1. She actually prefers to run right next to us. She finds her pace and settles in nicely. I have no doubt she could do a 20 miler if we let her. They were bred to chase lions, so there is that . . .


  4. I didn’t even realize she was a German Shepherd. See the certificate is worth something!!


  5. I’ve hated the low-slung hip look that they’ve inflicted on the German Shepherds. To me the poor thing looks crippled – which apparently they are. Who ever decided that was a look to go for? As with most things, it appears that it’s all about money or greed. Hopefully your Tzuri isn’t part of that line. I’ve heard the Europeans didn’t go for that crazy fad.


    1. Yes, I got a gal of total German breeding. They went their own way and left the Americans to self-destruct. They also won’t certify for breeding any dog that doesn’t also have working titles in obedience, tracking, and protection – i.e., temperament and character which has been tested. Thanks…


  6. I couldn’t remember why I haven’t liked the AKC until I read your post. Yes, they’re famous for promoting a lot of damage and being full of themselves in the process. But the article you offer is a fairly broad and virulent indictment. If very good health and sterling characteristics weren’t some part of breeding wouldn’t the litters decrease in size, some of those lines die out? I’ve known a couple of decent cat breeders and been to NYC cat and dog shows which are a delight; turns out most of the participant animals love the attention, and the owners were so enraptured with the breed they just wanted to see the tribes increase. I know too there are horrific puppy mills. Tzuri however has the robust look of champion brain and body and clearly a sterling example, and I love hearing about her.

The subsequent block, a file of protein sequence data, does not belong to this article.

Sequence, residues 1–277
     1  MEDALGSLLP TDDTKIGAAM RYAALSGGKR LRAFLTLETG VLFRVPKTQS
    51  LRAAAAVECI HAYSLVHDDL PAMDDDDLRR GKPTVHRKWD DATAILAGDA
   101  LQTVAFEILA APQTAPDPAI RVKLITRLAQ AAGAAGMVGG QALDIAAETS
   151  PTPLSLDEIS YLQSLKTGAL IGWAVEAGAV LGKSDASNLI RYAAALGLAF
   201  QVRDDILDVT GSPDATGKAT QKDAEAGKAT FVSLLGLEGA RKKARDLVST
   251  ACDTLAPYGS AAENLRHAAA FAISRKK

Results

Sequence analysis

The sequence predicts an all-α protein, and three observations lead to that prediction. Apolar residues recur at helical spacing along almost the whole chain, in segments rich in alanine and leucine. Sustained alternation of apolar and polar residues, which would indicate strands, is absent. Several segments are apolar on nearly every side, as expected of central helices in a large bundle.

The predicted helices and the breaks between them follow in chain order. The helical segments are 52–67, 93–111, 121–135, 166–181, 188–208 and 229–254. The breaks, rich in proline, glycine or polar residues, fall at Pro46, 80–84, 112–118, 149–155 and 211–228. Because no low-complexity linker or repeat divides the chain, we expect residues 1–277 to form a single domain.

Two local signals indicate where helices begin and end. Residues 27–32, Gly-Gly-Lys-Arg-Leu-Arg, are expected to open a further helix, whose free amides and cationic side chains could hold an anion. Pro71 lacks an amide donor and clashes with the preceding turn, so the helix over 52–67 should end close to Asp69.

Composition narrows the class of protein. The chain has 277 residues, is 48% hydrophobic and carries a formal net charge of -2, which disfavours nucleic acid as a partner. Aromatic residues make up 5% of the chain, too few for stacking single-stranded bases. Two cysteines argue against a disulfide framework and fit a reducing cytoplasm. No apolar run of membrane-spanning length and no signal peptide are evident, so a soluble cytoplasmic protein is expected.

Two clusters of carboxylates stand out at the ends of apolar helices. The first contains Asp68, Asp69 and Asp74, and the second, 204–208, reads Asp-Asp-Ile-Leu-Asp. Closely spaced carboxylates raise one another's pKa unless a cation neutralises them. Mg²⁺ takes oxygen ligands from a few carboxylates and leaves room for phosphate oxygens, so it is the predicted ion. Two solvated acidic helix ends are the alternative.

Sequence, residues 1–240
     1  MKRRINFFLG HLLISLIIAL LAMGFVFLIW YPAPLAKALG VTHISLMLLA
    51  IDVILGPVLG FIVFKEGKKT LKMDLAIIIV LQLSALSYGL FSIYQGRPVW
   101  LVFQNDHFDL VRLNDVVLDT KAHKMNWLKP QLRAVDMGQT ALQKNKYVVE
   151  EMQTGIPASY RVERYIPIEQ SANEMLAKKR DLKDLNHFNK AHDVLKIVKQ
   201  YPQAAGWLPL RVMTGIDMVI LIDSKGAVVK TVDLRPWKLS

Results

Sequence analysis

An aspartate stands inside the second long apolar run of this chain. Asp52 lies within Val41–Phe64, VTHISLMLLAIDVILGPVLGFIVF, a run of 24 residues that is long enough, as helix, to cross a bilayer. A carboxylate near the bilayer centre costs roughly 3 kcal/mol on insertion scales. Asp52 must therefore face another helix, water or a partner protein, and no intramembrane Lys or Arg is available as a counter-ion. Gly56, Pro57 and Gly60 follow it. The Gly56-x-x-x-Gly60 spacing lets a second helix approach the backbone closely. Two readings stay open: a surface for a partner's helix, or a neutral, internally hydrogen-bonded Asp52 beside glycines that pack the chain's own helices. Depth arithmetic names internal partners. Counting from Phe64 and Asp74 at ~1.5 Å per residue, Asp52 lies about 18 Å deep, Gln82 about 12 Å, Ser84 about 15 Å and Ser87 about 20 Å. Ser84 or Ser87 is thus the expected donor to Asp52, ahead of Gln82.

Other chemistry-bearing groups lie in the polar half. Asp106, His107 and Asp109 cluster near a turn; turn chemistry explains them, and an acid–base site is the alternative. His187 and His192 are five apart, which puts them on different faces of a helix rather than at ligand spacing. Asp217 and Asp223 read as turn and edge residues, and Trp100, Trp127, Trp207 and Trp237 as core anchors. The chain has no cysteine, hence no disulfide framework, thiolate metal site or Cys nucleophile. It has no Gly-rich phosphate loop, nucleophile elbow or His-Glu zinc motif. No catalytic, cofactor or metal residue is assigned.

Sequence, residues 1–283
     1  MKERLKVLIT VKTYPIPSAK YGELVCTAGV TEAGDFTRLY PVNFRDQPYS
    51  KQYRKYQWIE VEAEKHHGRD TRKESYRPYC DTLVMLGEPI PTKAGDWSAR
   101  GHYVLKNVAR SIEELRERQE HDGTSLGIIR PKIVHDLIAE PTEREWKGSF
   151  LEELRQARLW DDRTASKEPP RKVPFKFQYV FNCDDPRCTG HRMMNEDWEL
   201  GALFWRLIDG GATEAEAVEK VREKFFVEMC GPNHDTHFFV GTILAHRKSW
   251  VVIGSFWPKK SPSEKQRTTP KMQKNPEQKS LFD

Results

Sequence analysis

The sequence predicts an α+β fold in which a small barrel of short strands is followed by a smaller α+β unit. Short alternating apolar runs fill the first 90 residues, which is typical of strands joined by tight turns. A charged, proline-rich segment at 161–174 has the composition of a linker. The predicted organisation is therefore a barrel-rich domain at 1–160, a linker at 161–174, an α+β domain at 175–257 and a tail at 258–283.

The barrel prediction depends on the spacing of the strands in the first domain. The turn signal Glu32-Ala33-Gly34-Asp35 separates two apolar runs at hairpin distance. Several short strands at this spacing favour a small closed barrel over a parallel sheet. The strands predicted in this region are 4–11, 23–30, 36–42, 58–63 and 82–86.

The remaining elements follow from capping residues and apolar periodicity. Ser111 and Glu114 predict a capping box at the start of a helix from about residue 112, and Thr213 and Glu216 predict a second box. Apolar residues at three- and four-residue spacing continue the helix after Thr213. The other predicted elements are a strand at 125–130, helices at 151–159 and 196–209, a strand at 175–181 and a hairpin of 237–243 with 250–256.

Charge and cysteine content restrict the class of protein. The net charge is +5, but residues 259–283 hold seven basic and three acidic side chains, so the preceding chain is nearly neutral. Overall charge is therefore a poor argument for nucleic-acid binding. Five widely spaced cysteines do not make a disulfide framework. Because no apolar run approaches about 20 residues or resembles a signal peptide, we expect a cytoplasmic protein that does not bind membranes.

1. Thanks, Barbara. I feel like I am boring everyone with Tzuri posts one after another but right now as a puppy she has my attention 24/7.


      1. It’s not remotely boring, it’s 100% delight. Really, John, it’s all so engaging and interesting, your take on Tzuri the Magnificent and what she’s adding to your life on a daily basis, like the best serial since Sky King or Davy Crockett or one of those fabulous cliff hanger stories. I swear I cannot wait to see more and new pictures of her, of you together, and hear the mischief and brilliance she’s up to. A star is born, and MORE MORE MORE!!!


  7. A rather sobering read, and a horrible reflection on AKC’s lack of stance on breeding for the purpose of a pedigree bloodline. It must be true that in this modern urban world most breeds can’t fulfill their original intended roles….. yet so often there are stories of the most urbanised of dogs coming to the rescue of their owners, displaying traits still locked in the genes. It’s going to be interesting to read how Tzuri’s character and traits unfold.


    1. Very good point about dogs rising to the occasion. That’s always a story that needs to be told. Thanks…